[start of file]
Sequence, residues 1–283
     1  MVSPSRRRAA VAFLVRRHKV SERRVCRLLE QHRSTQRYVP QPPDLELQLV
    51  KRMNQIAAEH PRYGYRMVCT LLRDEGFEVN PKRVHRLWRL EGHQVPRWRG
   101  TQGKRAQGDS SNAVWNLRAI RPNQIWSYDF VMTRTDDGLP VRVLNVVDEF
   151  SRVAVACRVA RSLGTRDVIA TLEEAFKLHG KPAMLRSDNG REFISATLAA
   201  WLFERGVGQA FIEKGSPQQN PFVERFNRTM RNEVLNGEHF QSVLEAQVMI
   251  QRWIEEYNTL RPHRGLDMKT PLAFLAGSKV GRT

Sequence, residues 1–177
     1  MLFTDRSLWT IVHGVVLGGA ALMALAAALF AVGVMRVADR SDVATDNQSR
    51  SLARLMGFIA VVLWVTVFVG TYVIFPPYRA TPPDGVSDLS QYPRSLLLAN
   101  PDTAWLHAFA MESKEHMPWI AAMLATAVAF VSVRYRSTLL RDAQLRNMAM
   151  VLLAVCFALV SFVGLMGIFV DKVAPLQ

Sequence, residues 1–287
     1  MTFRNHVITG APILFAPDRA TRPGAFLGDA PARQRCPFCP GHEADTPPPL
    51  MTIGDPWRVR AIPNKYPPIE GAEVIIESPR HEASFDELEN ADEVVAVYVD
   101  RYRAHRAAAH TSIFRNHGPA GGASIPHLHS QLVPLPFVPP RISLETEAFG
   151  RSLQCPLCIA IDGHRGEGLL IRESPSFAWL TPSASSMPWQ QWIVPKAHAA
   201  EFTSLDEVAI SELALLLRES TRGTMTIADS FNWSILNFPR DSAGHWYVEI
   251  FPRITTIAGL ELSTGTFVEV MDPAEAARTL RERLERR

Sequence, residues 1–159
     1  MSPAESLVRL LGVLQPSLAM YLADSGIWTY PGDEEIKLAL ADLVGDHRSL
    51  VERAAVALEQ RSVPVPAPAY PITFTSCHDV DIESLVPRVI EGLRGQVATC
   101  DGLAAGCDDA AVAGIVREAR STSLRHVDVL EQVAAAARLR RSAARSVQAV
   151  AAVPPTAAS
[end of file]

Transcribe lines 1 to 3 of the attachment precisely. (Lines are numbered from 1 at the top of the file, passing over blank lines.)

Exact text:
Sequence, residues 1–283
     1  MVSPSRRRAA VAFLVRRHKV SERRVCRLLE QHRSTQRYVP QPPDLELQLV
    51  KRMNQIAAEH PRYGYRMVCT LLRDEGFEVN PKRVHRLWRL EGHQVPRWRG